Coonoor (Tamil Nadu): Commodity planters in south India on Friday sought government help for greater mechanisation to reduce production costs and tackle an acute labour shortage. "The government should allocate substantial funds for mechanisation in the sector to overcome labour shortage and reduce cost of production," United Planters' Association of South India (Upasi) president D. Hegde said at a conference here.
Admitting that more research was required to develop indigenous technology for plantation crops, Hegde said the government should restore the concessional duty on import of all machinery and equipment used by 1.6 million planters and growers across the country. "The government should provide concessional duties till domestic suppliers develop suitable machinery," Hegde said in his presidential address at the 119th annual conference of Upasi.
The federal government last year restricted the concessional duty on the import of specified machinery used only in coffee plantations. The plantation sector comprises coffee, tea, rubber and spices (especially cardamom and pepper), and provides employment to around 1.4 million people in the three southern states of Karnataka, Kerala and Tamil Nadu.
Planters in south India on Friday sought government help for greater mechanisation to reduce production costs.
However, socio-economic factors are forcing labourers to migrate to greener pastures, and work on the plantation is no longer so attractive for the younger generation. "Labour shortage is acute, especially during plucking season in coffee plantations and peak crop period (May-June and Oct-Nov) in tea plantations. In spite of substantial increase in wages with social benefits, we are unable to attract the required workforce, so we are forced to go in for greater mechanisation," Hegde said.
Runaway inflation, the high interest rate, doubling of fertiliser prices and increasing overheads, including logistics, make the capital-intensive plantation sector unviable, as there is a mismatch between production cost and selling price of commodities. "In case of tea, production cost has shot up seven times, because of increasing wages and overheads. Prices, however, have only doubled in the last two decades. Fertiliser shortage is also fuelling the price rise," Hegde told Union Minister of State for Commerce and Industry Jyotiraditya M. Scindia, who presided over the conference.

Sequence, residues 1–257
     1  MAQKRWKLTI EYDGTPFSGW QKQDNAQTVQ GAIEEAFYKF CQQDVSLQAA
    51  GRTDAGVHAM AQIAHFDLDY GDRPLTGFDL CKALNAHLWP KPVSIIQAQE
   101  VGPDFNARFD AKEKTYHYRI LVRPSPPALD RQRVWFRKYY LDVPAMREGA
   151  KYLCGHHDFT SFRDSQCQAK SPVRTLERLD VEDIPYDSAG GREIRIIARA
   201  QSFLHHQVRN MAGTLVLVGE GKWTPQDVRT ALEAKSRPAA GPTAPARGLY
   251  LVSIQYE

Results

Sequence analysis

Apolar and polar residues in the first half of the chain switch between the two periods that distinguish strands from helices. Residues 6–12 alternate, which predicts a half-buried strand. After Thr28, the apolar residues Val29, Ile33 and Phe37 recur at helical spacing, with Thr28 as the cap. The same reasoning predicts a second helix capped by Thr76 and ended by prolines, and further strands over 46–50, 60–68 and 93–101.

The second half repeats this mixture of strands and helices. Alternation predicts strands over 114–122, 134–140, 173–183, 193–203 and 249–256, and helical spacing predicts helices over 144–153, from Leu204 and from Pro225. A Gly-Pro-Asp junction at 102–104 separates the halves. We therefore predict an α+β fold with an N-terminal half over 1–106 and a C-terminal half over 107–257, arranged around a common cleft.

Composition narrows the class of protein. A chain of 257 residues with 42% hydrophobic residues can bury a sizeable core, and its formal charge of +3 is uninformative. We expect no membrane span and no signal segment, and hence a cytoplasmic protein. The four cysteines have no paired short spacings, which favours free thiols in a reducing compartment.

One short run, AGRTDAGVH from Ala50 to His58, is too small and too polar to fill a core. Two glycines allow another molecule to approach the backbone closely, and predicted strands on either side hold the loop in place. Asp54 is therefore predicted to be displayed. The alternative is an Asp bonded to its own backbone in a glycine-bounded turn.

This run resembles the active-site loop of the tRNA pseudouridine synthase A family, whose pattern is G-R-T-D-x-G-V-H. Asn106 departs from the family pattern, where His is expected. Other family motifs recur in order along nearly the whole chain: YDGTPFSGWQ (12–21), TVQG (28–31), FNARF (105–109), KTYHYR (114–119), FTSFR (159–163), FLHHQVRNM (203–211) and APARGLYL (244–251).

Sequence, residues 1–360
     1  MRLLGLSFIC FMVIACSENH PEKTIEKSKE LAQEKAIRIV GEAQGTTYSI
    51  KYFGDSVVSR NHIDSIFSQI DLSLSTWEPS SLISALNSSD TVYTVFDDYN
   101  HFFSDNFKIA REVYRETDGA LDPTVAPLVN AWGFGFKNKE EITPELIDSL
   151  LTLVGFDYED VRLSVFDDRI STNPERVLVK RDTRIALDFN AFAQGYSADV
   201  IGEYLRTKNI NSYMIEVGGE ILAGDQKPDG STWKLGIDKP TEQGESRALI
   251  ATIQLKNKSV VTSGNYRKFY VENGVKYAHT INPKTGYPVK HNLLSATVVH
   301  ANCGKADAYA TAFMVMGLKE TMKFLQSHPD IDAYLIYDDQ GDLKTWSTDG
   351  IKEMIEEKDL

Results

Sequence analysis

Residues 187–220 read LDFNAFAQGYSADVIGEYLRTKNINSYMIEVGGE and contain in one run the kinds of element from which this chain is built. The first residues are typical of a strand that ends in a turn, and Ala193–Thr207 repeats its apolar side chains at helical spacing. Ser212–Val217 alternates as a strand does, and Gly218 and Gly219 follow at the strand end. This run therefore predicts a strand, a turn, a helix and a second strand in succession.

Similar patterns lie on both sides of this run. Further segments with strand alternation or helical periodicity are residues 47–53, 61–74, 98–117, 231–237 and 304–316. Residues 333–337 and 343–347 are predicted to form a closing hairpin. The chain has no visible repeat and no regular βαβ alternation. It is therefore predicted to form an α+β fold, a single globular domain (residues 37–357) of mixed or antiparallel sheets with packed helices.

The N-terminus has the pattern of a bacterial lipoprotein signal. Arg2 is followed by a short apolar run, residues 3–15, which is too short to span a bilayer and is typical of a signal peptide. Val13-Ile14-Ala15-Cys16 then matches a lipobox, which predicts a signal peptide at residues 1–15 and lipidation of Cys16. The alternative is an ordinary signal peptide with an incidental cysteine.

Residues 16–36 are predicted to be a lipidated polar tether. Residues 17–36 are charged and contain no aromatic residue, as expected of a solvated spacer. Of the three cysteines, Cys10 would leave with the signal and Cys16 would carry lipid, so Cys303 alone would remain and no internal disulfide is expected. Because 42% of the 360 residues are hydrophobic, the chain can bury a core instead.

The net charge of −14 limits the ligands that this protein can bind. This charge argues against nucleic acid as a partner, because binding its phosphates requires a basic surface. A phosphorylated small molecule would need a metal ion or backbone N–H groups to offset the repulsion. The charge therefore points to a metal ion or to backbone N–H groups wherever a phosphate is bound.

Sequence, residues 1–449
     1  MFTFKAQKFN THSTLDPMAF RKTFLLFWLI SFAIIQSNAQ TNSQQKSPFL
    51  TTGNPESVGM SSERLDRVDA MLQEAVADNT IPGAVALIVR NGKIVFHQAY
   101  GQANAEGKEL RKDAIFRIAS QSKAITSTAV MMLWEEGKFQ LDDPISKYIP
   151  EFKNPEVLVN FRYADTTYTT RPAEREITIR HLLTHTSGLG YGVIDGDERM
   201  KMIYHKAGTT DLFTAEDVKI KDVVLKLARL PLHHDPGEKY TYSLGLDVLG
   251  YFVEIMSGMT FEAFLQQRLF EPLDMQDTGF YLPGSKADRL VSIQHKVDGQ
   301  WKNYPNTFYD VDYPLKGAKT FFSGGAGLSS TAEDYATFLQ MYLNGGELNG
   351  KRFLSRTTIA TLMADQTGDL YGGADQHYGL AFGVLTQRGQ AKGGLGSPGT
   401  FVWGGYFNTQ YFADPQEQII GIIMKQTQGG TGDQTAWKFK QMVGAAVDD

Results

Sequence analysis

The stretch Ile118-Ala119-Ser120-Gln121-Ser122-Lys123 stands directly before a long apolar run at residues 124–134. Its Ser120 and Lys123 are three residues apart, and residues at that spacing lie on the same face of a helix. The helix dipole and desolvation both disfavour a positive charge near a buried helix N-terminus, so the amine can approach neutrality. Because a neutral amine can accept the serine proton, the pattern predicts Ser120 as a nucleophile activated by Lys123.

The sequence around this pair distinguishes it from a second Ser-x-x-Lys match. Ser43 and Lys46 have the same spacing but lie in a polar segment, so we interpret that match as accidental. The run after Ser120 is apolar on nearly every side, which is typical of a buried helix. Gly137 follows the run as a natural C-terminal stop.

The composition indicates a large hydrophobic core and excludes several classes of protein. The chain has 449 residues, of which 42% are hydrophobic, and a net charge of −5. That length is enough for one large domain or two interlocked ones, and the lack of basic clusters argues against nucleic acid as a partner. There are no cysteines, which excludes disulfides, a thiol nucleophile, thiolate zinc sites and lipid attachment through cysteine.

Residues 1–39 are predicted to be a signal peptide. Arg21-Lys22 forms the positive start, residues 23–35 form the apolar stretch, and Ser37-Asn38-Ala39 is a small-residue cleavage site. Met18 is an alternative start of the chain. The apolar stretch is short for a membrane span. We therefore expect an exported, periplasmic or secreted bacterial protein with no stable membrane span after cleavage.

Referring to recent amendments to the Employees Provident Fund (EPF) scheme, which mandates planters to deduct the PF amount if an employee is engaged even for a day, the outgoing president said migrant labour employed for seasonal operations object to the deduction, as they do not stick to one estate for long. "Though we appreciate social security measures for workers, there should be a minimum number of days (60) of employment for PF deduction, as was the case before the scheme was amended," Hegde said.
Ironically, the government's flagship programme, the Mahatma Gandhi National Rural Employment Guarantee Act, has no mandate to give PF to labourers engaged to work for 100 days in a year. "The burden of social cost on planters without commensurate relief in taxes or levies is telling on the sector's health and its economic viability, as the central and several state governments have not begun to share the cost, though an agreement to that effect had been made in principle during the 11th Five-Year Plan," Hegde said.
The value of the plantation commodities in last fiscal (2011-12) was Rs.41,442 crore (Rs.414 billion/$7.5 billion), with exports contributing Rs.9,532 crore (Rs.95 billion/$1.74 billion). South Indian planters contributed 77 percent to this value (Rs.31,817 crore/$5.8 billion) and accounted for 78 percent (Rs.7,394 crore/$1.34 billion) of total exports in value.